“With the patterns we’re seeing this year, it’s probable we’re going to have a COLA closer to 8% than 3.8 percent next year,” said Chief Actuary Stephen C. Goss of the Social Security Administration (SSA) in a recent webinar.
This happened after a debate on “spiking inflation,” which was 8.6% for the 12-month period ending in May 2022 as of this writing. Rapidly rising prices have jolted the US economy and lowered consumer confidence to levels not seen since the Great Recession of 2008-2009.
Let’s look at how rising inflation in 2023 might influence your monthly Social Security benefit.
Benefits for Social Security recipients have already increased by 5.9% to account for cost-of-living increases since the beginning of the year (COLA). Inflation data from the summer and fall of 2021 demanded an increase in dividends to keep retirees’ purchasing power. Benefit increases of 5.9% were the biggest since 1982 at the time.
Done the first half of the year, we’ve learned that the current inflationary phase is far from over. Higher prices are almost certainly here to stay for the foreseeable future; firms have been able to boost prices in part due to the high level of personal consumption.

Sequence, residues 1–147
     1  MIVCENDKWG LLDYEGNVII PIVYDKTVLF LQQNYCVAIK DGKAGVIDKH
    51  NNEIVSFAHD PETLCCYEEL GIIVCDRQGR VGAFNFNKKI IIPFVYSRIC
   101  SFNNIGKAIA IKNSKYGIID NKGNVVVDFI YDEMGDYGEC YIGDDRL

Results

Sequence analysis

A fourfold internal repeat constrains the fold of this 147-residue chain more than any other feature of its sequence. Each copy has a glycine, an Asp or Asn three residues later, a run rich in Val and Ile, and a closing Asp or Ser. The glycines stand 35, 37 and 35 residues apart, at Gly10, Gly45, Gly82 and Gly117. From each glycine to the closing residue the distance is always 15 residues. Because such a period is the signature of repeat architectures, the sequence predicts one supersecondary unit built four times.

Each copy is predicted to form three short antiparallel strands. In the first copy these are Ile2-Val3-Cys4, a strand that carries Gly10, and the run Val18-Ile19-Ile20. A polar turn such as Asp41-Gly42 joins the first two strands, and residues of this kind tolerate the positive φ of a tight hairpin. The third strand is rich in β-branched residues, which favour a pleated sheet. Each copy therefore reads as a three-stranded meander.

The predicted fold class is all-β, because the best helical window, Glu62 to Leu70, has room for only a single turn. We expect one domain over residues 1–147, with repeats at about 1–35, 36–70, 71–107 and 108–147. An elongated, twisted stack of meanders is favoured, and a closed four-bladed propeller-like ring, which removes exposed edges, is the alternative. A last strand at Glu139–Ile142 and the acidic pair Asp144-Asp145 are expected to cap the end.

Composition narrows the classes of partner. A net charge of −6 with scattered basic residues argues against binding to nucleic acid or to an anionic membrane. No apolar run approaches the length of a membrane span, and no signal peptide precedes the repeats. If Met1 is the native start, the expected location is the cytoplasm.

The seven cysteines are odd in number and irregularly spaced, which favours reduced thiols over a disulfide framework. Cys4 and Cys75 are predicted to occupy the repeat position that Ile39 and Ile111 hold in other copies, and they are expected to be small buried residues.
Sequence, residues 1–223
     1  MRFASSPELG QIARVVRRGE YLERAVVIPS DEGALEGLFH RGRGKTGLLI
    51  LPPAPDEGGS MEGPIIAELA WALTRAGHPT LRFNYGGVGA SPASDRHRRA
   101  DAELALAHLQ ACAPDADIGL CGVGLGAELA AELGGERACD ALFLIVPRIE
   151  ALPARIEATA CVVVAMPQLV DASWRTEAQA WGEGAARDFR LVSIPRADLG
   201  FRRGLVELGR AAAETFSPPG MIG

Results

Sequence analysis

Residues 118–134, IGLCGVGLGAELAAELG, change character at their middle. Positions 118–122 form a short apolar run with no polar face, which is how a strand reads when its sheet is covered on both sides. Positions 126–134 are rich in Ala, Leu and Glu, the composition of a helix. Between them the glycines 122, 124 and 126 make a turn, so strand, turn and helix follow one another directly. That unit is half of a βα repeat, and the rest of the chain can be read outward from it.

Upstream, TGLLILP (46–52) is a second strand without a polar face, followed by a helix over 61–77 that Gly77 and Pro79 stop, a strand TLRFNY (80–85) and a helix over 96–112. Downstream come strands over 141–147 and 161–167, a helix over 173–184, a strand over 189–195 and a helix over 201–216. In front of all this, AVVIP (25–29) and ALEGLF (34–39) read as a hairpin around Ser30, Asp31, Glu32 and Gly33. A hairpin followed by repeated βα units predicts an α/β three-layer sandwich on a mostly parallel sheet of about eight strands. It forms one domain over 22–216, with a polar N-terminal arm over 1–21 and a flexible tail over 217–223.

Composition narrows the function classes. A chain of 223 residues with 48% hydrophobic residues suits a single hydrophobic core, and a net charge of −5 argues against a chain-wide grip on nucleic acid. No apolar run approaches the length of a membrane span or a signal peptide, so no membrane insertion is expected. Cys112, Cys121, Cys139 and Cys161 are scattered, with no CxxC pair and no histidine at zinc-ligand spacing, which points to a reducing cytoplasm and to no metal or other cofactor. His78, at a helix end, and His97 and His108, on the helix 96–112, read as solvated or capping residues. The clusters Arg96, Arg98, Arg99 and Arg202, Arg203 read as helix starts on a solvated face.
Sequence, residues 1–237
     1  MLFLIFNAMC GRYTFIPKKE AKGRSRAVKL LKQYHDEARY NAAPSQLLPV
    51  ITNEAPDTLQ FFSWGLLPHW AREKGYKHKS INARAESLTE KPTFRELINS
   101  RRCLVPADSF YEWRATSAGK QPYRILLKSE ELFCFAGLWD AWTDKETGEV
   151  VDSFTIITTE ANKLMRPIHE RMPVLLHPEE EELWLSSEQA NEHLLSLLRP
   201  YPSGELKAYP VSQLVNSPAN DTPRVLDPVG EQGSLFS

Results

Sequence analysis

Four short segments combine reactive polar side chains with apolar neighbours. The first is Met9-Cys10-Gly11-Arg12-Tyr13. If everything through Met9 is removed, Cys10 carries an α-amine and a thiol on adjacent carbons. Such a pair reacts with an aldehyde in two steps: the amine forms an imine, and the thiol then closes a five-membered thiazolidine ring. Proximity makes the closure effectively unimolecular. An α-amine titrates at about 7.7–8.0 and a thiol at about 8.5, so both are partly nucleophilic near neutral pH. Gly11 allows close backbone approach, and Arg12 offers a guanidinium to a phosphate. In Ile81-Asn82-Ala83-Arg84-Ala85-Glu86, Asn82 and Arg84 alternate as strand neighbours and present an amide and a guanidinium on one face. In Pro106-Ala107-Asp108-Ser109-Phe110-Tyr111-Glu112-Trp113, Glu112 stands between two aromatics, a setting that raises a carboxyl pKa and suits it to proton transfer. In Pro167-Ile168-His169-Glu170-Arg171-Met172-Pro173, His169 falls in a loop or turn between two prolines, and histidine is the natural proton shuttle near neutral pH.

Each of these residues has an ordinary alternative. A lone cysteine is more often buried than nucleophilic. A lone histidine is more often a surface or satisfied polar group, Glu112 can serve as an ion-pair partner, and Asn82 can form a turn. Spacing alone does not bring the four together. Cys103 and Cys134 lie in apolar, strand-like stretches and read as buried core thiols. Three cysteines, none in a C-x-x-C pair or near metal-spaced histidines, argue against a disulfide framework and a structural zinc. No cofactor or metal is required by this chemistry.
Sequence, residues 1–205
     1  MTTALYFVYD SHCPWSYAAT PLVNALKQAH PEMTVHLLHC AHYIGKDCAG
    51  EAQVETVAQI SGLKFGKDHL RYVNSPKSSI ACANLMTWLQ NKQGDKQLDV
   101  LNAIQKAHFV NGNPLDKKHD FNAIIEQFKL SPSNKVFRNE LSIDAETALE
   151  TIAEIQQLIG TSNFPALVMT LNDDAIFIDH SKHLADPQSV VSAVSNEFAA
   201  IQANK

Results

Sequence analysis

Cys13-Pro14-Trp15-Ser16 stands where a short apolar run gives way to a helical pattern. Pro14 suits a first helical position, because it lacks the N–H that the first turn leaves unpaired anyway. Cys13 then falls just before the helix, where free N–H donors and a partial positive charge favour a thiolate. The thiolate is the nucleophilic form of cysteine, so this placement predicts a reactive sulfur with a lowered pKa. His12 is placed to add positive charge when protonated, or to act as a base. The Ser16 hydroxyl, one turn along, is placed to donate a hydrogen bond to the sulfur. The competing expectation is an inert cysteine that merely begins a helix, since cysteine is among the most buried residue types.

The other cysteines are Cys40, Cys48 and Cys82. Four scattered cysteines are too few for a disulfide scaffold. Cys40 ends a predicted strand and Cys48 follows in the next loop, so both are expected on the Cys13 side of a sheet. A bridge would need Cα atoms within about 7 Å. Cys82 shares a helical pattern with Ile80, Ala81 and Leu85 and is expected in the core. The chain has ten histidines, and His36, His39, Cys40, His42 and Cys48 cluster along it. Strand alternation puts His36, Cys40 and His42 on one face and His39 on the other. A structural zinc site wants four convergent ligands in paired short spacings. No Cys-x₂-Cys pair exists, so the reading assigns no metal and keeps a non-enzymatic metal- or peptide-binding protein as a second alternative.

On the supply side, the crisis in Ukraine, along with ongoing production and shipping challenges caused by the epidemic, has restricted supply in various industries, causing prices to climb.
The SSA is leaning toward a COLA increase of between 8% and 9% in 2023, given rising price rises across core consumer goods. This would be the greatest COLA since the early 1980s, and it would go a long way toward assisting retirees in dealing with fast rising expenses for necessities like food, petrol, and healthcare.
Because the S&P 500 is currently in a bear market, a COLA of 8% or more will be necessary to keep seniors on fixed incomes from seeing a severe drop in living standards. Retirees with stock portfolios may be hesitant to sell when prices fall, so any improvements in income, even if just to keep up with rising prices, are welcome.
Retirees rely on a combination of Social Security benefits, personal savings, and pension income for financial support. With personal savings expected to be harmed by declining markets and secure pensions becoming a thing of the past, Social Security payouts will have to shoulder a greater share of the load in keeping pensioners safe from financial ruin.
To achieve that goal, it’s evident that a COLA of at least 8% will be required.
Most people care about Social Security.
You’re in the minority if you don’t need to rely on Social Security to fund your retirement expenses.
In any given year, over 65 million Americans will receive Social Security benefits, so it’s critical to understand how COLA hikes affect the entire country.
Given recent price increases, we may need to brace ourselves for several years of similar changes to ensure the health and well-being of our senior citizens.
Most retirees completely forget the $18,984 Social Security bonus.
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